Author Archives: Angie Valinoti

Cecil 2020

Watch CeCIL’s Annual Lecture: ‘Have you seen dignity?’

Kent’s Centre for Critical International Law (CeCIL) has released a recording of this year’s Annual Lecture in which Professor Susan Marks, from the London School of Economics, offers a critical exploration of dignity and its worldliness.

Professor Marks filmed her talk ‘Have you seen dignity?’ at Kent earlier this month (without an audience) after restrictions imposed due to the COVID-19 pandemic meant the event could not proceed as originally planned.

Speaking also on behalf of Dr Sara Kendall who co-directs CeCIL with him, Dr Luis Eslava said:: ‘Having it recorded for online circulation was our way to express our solidarity with our friends and colleagues across the world who are facing, like communities in general, many challenges posed by the current crisis and who are searching for new ways to make sense of it.’

Professor Marks’s talk (the title of which is inspired by lyrics from the Bob Dylan song “Dignity”) begins by tracking the word dignity as it pops up in everyday life. She goes on to consider dignity within the context of academic writing across the disciplines of philosophy, legal scholarship, health and social care, sociology, and anthropology. Finally, she discusses the politics of dignity, indignity and indignation.

Professor Marks’s research is concerned with international law, human rights and the global political economic order. She is the author of The Riddle of All Constitutions, International Human Rights Lexicon (co-authored with Andrew Chapman) and A False Tree of Liberty. She is the editor of International Law on the Left. Her research seeks to bring insights from critical social theory to the study of international law and human rights.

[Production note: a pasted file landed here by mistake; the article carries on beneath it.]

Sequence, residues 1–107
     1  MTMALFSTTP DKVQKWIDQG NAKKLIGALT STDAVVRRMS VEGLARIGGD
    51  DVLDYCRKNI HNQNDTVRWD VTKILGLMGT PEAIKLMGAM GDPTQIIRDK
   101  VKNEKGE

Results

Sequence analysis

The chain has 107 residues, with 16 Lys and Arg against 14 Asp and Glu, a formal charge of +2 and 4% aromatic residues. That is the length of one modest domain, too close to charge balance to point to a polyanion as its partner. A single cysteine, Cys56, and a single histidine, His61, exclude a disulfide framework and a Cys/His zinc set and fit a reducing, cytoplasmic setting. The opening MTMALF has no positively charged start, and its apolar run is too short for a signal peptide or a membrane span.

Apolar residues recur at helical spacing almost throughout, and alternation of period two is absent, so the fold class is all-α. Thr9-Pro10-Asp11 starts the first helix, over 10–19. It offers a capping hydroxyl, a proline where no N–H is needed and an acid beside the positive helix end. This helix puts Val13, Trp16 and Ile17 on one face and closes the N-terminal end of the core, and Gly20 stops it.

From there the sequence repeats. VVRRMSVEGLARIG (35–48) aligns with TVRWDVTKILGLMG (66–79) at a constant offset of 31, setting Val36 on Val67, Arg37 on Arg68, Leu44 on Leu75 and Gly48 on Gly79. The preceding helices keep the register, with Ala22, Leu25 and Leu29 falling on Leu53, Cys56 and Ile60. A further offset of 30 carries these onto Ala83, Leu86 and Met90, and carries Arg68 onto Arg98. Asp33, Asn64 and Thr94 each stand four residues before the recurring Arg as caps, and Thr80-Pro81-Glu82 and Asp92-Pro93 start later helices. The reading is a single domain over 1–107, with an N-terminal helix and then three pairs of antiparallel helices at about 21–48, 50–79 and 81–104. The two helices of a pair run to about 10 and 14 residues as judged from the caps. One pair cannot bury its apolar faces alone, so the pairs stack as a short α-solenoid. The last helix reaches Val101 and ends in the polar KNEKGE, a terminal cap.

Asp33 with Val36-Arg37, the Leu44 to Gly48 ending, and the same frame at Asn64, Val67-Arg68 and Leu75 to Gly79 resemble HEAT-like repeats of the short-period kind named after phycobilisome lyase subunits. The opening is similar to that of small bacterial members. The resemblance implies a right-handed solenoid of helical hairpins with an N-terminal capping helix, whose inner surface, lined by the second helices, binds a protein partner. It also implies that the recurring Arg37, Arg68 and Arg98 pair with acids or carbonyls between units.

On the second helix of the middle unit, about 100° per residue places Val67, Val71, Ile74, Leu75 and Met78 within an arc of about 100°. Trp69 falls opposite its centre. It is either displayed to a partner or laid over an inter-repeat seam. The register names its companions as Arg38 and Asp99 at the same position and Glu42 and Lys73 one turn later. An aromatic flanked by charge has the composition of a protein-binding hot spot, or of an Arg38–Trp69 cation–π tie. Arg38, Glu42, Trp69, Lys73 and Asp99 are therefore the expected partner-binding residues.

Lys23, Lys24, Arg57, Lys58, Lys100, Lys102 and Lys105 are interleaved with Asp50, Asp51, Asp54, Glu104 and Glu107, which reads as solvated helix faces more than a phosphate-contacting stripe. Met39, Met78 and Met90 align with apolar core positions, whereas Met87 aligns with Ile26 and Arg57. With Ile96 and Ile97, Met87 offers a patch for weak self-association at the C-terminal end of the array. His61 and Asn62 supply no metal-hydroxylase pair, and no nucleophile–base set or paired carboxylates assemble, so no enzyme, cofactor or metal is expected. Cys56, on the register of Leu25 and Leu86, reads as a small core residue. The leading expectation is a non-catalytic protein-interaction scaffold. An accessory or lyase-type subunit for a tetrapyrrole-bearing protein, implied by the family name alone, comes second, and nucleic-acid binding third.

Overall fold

CeCIL is an innovative research centre at Kent Law School which aims to foster critical approaches to the field of international law.  

half-marathon runners

Over £3,500 raised for charities by local runners.

Two members of Kent Hospitality staff helped raise the money as part of a six person team that met through a local Beginners to Runners club.

The six friends from Faversham were each supposed to be running in the London Landmarks Half Marathon for charity last weekend on 29 March. However, when the event was cancelled over two weeks ago due to Coronavirus the group took action.

Determined to still run their first ever half marathon for their charities, they instead decided to run a week early on Saturday 21 March by creating a Local Landmarks Half Marathon while maintaining the social distancing measures that were in place at the time to ensure everyone’s safety.

Donning their event themed leggings all six women, including Vanessa Corker and Lyn Scarfe from Kent Hospitality, successfully completed their 13.1 mile route around the lanes outside Faversham in two and a half hours. Between them they collectively raised over £3,500 for their chosen charities including Tommy’s, Age UK, Breast Cancer Now, Demelza Children’s Hospice and MacMillan Cancer Care.